WILLIAMSTOWN - As travelers file through the Mid-Ohio Valley Regional Airport for the holidays, the airport is prepared to take the influx of people, an official said.
"The terminal has been busier than normal," said airport Manager Terry Moore. "But I'm not sure I should expect anything different from Thanksgiving, though."
The days leading up to Thanksgiving were busy while the holiday and the day after Black Friday were slow with the weekend busy, Moore said.
"I imagine that is what we will see for the Christmas and New Year's weeks," he said. "People typically start coming in a day or so before the holiday and will filter out after.
"We might not be as busy right after Christmas because people might be staying for that week between Christmas and New Year's," Moore said.
Melissa Wyatt of Marietta recently flew to visit family in Arizona using the local airport with her two children.
"I can understand why people would use the service because it is so convenient," she said. "I have flown out of the Mid-Ohio Valley airport twice and plan to do it again."
Wyatt likes the airport because she doesn't have to drive to a hub with a 3-year-old and 11-year-old.
"The really nice thing is that I don't have to fly with the kids and then drive a long distance just to get home," she added.
While the airport's terminal is expected to be bustling this weekend with more than 700 passengers having expected to get on planes throughout December, the holiday rush will quickly drop to next to nothing.
The last time the local airport had such a high number of travelers during the holidays was in 2006 when Air Midwest provided the service with close to 700 enplanements. Although last December was close with 666 enplanements.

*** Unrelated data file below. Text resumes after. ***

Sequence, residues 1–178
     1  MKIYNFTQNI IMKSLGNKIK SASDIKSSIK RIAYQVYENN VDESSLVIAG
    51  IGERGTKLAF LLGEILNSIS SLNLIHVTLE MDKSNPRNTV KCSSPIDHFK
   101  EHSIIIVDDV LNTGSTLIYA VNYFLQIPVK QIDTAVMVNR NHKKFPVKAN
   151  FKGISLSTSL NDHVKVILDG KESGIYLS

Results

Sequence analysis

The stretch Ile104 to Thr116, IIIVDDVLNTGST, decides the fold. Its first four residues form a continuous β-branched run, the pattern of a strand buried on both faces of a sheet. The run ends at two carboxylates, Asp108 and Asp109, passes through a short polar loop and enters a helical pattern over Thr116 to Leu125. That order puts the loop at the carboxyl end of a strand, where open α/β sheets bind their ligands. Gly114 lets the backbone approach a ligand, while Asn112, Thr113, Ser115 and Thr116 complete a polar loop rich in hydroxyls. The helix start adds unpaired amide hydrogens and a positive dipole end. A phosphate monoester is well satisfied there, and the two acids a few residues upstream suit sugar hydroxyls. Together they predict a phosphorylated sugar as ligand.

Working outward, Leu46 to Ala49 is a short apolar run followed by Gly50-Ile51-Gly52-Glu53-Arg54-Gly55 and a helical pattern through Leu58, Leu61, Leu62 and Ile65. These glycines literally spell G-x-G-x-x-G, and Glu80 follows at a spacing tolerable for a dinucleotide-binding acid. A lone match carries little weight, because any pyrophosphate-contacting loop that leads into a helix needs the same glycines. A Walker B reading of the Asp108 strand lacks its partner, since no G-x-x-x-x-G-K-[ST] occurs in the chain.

With this bump in passenger numbers, the airport is on track to have between 7,600 and 8,000 enplanements for 2012, based on the monthly number of passengers for the year.
This number has almost doubled since Silver Airways, formerly Gulfstream International Airlines, began offering service to Cleveland Hopkins International Airport in October 2010.
The number of enplanements is important because airports that have at least 10,000 enplanements per year receive $1 million in federal Airport Improvement Project funds annually, airports with fewer passengers receive $150,000.
The closest year in recent history was 2011 when the airport had a total of 7,378 passengers in the 12-month period. The last time in recent history the airport had anywhere close to this number was 2008 where the airport had 5,169 enplanements due to several months of three flights per day to Dulles International Airport near Washington, D.C., from former carrier Colgan Air, Moore said.
"We will likely break last year's number of passengers for December, which is great, but we can't get too used to it," Moore said. "December is usually the last hurrah for air travel until the spring vacations begin."
Historically January and February are the slowest months for air travel, he said.
"After the holidays, other than some business travelers, little goes on at airports," he said. "Not only are people getting into the swing of working in a new year, but no one wants to pay for plane tickets and hotel room and then get stranded at an airport because of bad weather."